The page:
NL Rookie of the Year Rankings: Bryce Harper Returns to the Top 5
Joy R. Absalon-US PRESSWIRE
Has the race for the National League Rookie of the Year Award essentially been decided with two weeks remaining in the 2012 season?
It's beginning to look that way, as Todd Frazier's September slide has created some distance between him and Wade Miley for front-runner status in our weekly rankings. What looked like a two-man competition might now be Miley's race to lose.
The biggest news in this week's rankings is Zack Cozart dropping out of the top five. Cozart hasn't played since Sept. 3 due to an oblique injury. He's expected to return before the end of the season, according to the Cincinnati Enquirer's John Fay, and Reds manager Dusty Baker has the second spot in his lineup waiting for him when he returns.
So that opens up at least one spot in our top five for a new candidate or the return of a previous contender. It could also be both. You'll have to click through and see how the rankings shake out this week.
As we see it, here are the five leading contenders for NL Rookie of the Year Award.
All statistics mentioned are current as of Sept. 18.
Anthony Rizzo vs. Matt Carpenter
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With Zack Cozart dropping out of the top five, I thought this might be the time to add Chicago Cubs first baseman Anthony Rizzo to the NL Rookie of the Year rankings.
He's been getting quite a bit of support from commenters and has been an exciting slugger since getting called up from Triple-A Iowa.
But as I was looking over Rizzo's numbers, someone else's statistics kept tapping me on the shoulder. The St. Louis Cardinals' Matt Carpenter said, "Hey, what about me?"
Rizzo has appeared in 30 fewer games than Carpenter, which makes his statistics more impressive. Yet Rizzo actually has seven more plate appearances (304) for the season than Carpenter (297).
How about extra-base hits? Rizzo has 14 homers to Carpenter's six, but Carpenter has 21 doubles and five triples compared to Rizzo's 11 two-baggers.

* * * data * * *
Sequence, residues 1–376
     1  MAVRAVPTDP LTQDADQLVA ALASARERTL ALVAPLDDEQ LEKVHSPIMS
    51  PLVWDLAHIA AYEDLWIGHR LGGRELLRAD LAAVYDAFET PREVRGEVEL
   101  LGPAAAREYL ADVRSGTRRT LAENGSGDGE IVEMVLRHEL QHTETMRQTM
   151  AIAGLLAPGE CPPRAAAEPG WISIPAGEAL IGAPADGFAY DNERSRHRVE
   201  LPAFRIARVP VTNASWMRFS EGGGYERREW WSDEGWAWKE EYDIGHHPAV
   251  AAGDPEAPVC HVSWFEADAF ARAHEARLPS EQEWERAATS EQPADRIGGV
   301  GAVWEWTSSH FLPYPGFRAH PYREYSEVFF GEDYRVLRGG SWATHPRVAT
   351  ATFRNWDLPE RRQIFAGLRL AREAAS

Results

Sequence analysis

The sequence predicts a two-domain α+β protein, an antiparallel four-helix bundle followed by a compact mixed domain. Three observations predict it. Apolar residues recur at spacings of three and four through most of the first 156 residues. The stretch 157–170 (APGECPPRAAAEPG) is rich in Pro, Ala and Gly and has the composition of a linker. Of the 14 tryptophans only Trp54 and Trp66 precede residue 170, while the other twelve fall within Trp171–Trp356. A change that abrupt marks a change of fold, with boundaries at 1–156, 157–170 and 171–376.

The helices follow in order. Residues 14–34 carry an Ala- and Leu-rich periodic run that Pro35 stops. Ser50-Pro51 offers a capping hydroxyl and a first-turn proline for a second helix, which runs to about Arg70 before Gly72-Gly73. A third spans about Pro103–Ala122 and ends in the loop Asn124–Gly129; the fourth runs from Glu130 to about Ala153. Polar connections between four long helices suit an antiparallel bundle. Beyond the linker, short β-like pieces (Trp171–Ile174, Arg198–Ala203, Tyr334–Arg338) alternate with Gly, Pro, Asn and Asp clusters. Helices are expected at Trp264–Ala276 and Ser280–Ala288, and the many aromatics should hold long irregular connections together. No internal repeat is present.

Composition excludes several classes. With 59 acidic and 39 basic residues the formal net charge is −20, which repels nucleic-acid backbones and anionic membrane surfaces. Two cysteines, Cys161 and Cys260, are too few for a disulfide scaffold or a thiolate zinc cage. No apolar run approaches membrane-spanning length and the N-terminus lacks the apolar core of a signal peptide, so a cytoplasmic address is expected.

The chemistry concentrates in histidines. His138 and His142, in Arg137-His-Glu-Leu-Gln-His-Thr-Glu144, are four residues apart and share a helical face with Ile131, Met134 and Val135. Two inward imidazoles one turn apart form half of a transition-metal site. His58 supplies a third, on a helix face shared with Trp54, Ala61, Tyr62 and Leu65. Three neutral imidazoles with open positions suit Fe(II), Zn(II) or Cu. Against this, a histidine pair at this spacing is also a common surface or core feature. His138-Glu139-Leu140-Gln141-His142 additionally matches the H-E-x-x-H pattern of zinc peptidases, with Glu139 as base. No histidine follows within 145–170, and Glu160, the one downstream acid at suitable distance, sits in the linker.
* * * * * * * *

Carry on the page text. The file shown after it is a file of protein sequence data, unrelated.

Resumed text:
In terms of production, but sluggers are at a draw with Rizzo totaling 43 RBI while Carpenter has 44.
Both are virtually even in terms of batting average. Rizzo is batting .296/.349/.486 while Carpenter has a .297/.364/.486 triple-slash average. That gives Carpenter an .850 OPS compared to Rizzo's .834.
So for those who think Rizzo should get some NL Rookie of the Year love, shouldn't Carpenter also get consideration? Or does Rizzo get credit for playing in many fewer games?
5. Mike Fiers, Milwaukee Brewers
Steve Mitchell-US PRESSWIRE
Last week: Unranked.
OK, I felt like Lucas Harrell deserved more consideration over Mike Fiers in these rankings because Harrell had started 10 more games than Fiers and was a part of his team's starting rotation all season.
But Fiers' statistics in nine fewer games should probably give him the edge. Harrell only has 10 more strikeouts than Fiers (125 to 115) despite throwing 63 more innings this season.
Fiers also has nine victories to Harrell's 10 even with that big difference in innings. But Fiers also plays for a far better team. The Milwaukee Brewers have 26 more wins this season than the Houston Astros and are in late playoff contention. The Astros have been getting ready for the No. 1 overall pick since July. (OK, maybe since June.)
I would make the argument that Harrell has been more consistent in recent starts than Fiers. Fiers has this good start-bad start pattern going over his past six or seven outings while Harrell has allowed more than two runs in three of his past 12 starts.
But it is difficult to ignore that Fiers has been more dominating than Harrell. That gives him the nod for now.
4. Bryce Harper, Washington Nationals
Ned Dishman/Getty Images
Last week: Unranked
Oh, I can hear the screams and wails from The Bryce Harper Haters Club. He's totally a product of hype!
Yes, Harper gets more attention than any other NL rookie. And maybe he'll get more award consideration than he deserves because of it. But after struggling in July and August, the Washington Nationals outfielder has turned himself around in September.
In 64 plate appearances as of Sept. 18, Harper is batting .327/.413/.655 with four doubles, a triple, four home runs and five RBI. That's pushed his batting average to .263 and his OPS over .790, the highest those numbers have been since mid-July.
But here's the biggest reason Harper is back in these rankings. I was all set to put the Milwaukee Brewers' Norichika Aoki here until I compared his numbers to Harper's.